A filling is a type of dental restoration that helps restore the decayed portion of a tooth resulting from a cavity. As the name suggests, a filling consists of permanently placing a material like silver or resin into that decayed portion, “filling” the tooth and preventing further damage. Fillings are also used to repair broken or cracked teeth or reinforce teeth that have been worn down from nail-biting, clenching, or teeth grinding.
Types of Fillings
Although some people prefer the aesthetics of gold over silver, gold fillings are less durable and up to 10 times more expensive than silver fillings.
Tooth-colored composite fillings
Ceramic (or porcelain)
Ceramic fillings are also tooth-colored but are considerably more expensive than composite resin.
If the affected tooth does not have enough tooth structure remaining to support a filling but does not require a crown, your dentist may recommend an indirect filling. Indirect fillings require two visits to place and are similar to tooth-colored (composite) fillings.
As with any cavity, the decay or an existing filling is removed during the first visit, but then the dentist takes an impression of the tooth and its surrounding teeth. The impression is sent to a dental laboratory where a filling is made. At the second visit, the dentist permanently cements the new filling into place.
Getting a filling
Fillings can be done right in your dentist’s office and take about an hour to complete. The dentist will first discuss the procedure with you and examine your mouth before starting. You may also have x-rays taken. The dentist will then numb your teeth, gums, and the surrounding skin in the cheek to minimize any discomfort. The numbing agent typically takes several minutes to begin working. During this waiting time, the dentist may step away to examine other patients.
Once everything is numb, the dentist will return to remove the area of decay in the tooth. He or she will then inspect the area to make sure all of the decay has been removed, then clear the exposed space of any other bacteria or debris.
The filling will then be placed and cemented or cured to the tooth, depending on what type you are receiving. The dentist will also finish and polish the filling to make sure it is smooth and does not interfere with your bite.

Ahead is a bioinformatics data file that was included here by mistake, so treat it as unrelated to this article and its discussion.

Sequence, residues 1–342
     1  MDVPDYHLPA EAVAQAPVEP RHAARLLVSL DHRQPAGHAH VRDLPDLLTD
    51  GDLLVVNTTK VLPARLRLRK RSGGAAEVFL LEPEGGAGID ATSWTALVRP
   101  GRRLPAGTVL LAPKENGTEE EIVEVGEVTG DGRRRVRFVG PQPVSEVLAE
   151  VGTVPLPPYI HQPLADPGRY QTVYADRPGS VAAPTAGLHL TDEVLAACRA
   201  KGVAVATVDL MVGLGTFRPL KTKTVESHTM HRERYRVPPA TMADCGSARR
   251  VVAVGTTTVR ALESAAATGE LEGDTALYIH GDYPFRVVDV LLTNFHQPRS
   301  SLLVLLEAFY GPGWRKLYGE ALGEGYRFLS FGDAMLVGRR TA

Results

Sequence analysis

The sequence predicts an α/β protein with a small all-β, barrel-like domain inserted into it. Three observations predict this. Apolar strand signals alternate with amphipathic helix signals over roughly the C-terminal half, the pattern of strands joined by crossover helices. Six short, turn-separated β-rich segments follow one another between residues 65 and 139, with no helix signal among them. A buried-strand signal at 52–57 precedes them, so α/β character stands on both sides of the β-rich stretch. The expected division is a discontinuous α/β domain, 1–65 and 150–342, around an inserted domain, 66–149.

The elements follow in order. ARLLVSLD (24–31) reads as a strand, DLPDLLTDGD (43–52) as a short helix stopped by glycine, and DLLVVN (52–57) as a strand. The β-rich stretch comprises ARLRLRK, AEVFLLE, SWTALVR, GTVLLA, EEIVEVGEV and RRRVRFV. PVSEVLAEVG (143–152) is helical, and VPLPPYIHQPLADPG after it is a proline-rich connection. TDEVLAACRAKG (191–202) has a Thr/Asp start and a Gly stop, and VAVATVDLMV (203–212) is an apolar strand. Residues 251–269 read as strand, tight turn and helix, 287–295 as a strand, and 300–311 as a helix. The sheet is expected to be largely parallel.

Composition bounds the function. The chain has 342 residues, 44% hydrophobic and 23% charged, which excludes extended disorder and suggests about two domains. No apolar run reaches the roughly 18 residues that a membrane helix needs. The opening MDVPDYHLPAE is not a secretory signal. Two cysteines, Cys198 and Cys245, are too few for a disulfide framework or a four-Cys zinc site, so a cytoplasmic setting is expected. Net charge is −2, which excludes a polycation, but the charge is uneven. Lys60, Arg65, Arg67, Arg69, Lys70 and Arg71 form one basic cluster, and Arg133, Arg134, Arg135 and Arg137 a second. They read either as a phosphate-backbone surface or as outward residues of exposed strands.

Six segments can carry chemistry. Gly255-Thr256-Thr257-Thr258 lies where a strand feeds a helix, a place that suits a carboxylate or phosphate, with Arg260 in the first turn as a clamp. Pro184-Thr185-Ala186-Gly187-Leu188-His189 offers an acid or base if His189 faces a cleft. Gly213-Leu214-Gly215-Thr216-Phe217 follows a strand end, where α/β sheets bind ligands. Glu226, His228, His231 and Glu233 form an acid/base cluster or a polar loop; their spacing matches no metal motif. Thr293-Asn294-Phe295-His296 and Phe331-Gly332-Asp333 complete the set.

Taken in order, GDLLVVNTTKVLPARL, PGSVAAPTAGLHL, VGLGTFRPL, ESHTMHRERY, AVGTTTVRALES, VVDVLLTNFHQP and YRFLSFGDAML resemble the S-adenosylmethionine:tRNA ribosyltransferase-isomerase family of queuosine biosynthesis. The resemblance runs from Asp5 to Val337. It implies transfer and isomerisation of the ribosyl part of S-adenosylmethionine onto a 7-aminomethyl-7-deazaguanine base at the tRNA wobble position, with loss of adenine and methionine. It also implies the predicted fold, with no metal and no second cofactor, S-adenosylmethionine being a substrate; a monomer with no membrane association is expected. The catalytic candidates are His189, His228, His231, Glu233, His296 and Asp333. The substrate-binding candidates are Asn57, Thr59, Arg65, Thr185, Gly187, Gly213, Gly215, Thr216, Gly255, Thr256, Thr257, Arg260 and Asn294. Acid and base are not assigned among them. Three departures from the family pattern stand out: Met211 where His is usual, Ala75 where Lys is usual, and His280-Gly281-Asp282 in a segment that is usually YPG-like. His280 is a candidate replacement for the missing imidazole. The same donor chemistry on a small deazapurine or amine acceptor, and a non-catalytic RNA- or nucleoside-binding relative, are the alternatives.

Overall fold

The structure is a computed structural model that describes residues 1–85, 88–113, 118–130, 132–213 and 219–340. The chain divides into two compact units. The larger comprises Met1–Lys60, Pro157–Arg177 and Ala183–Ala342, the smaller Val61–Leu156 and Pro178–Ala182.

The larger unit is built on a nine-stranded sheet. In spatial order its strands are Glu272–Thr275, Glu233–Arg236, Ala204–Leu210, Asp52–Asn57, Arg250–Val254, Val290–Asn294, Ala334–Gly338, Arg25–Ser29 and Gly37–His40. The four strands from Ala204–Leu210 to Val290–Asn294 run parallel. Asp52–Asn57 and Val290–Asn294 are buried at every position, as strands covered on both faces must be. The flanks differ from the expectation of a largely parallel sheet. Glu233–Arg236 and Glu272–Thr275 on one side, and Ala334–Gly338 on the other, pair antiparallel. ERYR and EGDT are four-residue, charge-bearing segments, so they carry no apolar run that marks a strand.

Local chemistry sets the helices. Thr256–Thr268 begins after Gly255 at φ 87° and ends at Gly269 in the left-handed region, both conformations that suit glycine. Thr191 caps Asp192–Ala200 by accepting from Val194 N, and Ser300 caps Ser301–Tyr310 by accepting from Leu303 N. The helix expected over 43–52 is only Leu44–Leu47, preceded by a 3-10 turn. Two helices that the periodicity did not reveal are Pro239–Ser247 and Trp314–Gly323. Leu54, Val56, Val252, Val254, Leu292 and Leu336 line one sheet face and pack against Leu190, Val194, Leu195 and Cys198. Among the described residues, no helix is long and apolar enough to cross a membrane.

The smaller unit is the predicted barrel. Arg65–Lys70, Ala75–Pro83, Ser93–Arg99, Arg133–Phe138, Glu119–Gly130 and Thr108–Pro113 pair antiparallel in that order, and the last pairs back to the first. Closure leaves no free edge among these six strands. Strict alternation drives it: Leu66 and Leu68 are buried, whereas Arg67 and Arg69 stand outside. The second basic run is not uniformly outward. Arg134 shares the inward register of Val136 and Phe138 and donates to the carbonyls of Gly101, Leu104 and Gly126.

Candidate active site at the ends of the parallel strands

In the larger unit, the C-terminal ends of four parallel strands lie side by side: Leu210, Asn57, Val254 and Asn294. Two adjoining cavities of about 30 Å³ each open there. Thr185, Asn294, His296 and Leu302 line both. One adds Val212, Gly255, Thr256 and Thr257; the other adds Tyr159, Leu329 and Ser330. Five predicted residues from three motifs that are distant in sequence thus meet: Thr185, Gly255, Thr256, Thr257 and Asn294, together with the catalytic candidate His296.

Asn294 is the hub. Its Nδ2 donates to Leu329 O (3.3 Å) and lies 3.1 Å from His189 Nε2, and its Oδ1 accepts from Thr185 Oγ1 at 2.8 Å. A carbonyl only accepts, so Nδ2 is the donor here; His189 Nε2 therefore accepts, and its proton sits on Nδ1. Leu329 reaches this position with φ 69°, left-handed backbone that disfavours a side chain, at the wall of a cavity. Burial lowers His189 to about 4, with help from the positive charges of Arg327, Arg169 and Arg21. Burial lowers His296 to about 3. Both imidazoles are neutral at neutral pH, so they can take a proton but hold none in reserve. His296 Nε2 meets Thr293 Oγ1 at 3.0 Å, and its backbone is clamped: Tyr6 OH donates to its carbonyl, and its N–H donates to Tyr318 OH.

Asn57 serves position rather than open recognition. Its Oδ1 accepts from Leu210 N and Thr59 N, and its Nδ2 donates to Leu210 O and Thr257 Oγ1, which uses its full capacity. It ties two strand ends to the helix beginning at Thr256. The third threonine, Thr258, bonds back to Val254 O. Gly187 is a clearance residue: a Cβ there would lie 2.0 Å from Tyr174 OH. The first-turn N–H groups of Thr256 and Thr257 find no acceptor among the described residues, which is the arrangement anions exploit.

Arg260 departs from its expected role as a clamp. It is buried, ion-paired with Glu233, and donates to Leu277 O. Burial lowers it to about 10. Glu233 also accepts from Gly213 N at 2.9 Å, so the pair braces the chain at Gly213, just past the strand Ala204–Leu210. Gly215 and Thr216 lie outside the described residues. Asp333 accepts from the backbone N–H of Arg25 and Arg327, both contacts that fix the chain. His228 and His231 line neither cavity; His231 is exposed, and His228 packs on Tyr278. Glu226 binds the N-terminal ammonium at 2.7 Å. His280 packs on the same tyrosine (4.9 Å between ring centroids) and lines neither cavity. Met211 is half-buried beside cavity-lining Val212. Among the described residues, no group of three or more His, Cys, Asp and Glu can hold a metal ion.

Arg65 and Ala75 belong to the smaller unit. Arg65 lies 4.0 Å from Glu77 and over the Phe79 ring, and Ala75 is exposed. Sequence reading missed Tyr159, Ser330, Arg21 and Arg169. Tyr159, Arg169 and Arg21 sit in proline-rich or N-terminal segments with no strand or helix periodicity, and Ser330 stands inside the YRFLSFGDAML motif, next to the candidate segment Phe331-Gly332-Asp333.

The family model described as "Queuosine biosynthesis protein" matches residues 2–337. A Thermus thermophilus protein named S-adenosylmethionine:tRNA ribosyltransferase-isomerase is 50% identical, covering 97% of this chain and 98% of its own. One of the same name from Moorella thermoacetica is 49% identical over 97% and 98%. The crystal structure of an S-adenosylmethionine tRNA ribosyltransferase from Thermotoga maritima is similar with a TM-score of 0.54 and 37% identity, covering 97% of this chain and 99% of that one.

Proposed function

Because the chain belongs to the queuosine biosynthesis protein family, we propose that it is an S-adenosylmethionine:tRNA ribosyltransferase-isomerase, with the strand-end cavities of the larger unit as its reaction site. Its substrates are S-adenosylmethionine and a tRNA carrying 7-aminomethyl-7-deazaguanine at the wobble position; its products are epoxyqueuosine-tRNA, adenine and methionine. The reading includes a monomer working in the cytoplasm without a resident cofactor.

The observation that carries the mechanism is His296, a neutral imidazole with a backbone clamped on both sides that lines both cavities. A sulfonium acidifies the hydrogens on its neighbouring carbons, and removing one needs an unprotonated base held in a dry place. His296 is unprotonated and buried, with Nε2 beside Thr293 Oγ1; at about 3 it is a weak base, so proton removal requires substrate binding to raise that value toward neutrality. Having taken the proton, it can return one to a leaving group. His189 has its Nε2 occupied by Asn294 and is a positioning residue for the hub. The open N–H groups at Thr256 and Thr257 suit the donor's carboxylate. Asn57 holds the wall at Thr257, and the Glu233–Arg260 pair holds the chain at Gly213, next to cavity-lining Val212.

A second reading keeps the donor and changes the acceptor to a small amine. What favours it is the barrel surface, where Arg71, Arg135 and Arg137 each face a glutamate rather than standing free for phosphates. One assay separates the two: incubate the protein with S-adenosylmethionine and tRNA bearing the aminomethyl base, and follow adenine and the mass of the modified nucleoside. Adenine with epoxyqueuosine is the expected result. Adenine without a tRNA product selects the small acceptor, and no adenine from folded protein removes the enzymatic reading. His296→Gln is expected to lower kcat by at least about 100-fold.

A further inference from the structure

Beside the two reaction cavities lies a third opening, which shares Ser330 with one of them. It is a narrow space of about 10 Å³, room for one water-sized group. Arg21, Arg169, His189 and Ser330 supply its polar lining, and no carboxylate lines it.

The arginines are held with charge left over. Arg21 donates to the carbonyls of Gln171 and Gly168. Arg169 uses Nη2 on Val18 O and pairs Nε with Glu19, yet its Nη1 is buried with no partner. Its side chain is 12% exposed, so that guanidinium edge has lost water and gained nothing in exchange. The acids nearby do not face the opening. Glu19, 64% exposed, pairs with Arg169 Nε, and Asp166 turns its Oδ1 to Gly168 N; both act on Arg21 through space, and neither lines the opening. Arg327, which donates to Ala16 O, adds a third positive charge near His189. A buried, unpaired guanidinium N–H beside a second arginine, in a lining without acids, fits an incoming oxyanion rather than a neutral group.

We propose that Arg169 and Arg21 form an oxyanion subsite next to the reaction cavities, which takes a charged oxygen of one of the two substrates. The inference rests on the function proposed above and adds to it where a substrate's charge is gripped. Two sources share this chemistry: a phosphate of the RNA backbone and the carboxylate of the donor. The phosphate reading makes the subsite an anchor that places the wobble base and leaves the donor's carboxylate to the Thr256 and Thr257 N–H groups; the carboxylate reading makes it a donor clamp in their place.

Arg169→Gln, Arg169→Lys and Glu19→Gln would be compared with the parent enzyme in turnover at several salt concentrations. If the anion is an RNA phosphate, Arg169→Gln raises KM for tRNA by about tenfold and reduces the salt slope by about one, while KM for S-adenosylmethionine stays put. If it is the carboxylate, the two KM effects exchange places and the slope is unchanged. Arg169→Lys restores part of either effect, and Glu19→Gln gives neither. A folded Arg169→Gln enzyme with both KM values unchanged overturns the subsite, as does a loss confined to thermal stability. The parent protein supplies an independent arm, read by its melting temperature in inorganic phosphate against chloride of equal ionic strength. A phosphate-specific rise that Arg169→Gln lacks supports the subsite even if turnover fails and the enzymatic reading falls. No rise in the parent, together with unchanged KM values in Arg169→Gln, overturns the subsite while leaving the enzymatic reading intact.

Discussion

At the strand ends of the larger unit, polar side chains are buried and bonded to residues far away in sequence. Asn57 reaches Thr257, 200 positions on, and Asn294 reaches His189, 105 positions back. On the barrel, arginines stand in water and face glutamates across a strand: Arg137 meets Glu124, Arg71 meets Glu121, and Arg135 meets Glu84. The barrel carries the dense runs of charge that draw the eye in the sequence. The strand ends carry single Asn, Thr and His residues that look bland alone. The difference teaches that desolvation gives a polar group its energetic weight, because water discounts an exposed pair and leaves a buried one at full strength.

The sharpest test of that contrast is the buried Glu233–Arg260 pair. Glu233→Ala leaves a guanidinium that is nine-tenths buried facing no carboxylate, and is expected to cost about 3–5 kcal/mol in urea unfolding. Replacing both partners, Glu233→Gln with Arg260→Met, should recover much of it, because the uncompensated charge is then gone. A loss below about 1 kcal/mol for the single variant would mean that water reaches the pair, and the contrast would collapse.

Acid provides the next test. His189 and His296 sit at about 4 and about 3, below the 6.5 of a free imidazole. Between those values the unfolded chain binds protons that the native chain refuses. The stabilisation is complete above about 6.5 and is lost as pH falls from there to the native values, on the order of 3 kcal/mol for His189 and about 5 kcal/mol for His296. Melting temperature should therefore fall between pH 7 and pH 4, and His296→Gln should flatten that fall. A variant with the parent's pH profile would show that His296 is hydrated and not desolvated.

Caring for a filling
A good oral hygiene routine is the best way to care for your filling: brush and floss daily and visit your dentist regularly, at least every six months. During your exams, your dentist will also check your alignment for any problems, such as teeth grinding or clenching; these habits put extra pressure on your teeth and can cause both teeth and fillings to crack or break.
There is a risk of the filling not fitting tightly enough against the tooth, coming loose, or breaking. If you feel a sharp edge on one of your teeth, notice a crack in or missing piece from the filling, or your tooth is very sensitive, contact your dentist. An X-ray may be necessary to determine if the filling is “leaking,” or allowing saliva or debris in between the tooth and filling, increasing the chance of developing a cavity there.
While fillings can last over a decade, they do eventually need to be replaced, especially if they have cracks or worn areas. Continuing to chew with a damaged filling can cause more damage to the tooth underneath and may become a bigger problem than just a simple replacement. Your dentist will check your fillings at your regular exams and let you know when a filling needs to be replaced.
How much do fillings cost?
The price of a filling depends on the material used. Single silver amalgam fillings (the most common and widely covered by insurance) cost anywhere between $50 to $150. Costs can range from $90 to $250 for composite (tooth-colored) fillings and from $250 to $4,500 for gold or porcelain.
Most dental insurance plans cover nearly all the expenses associated with fillings. Some plans may require a deductible or copay, or plan limitations may require additional out-of-pocket costs for fillings other than silver amalgam. If you are unsure, be sure to ask your dentist and/or your insurance company.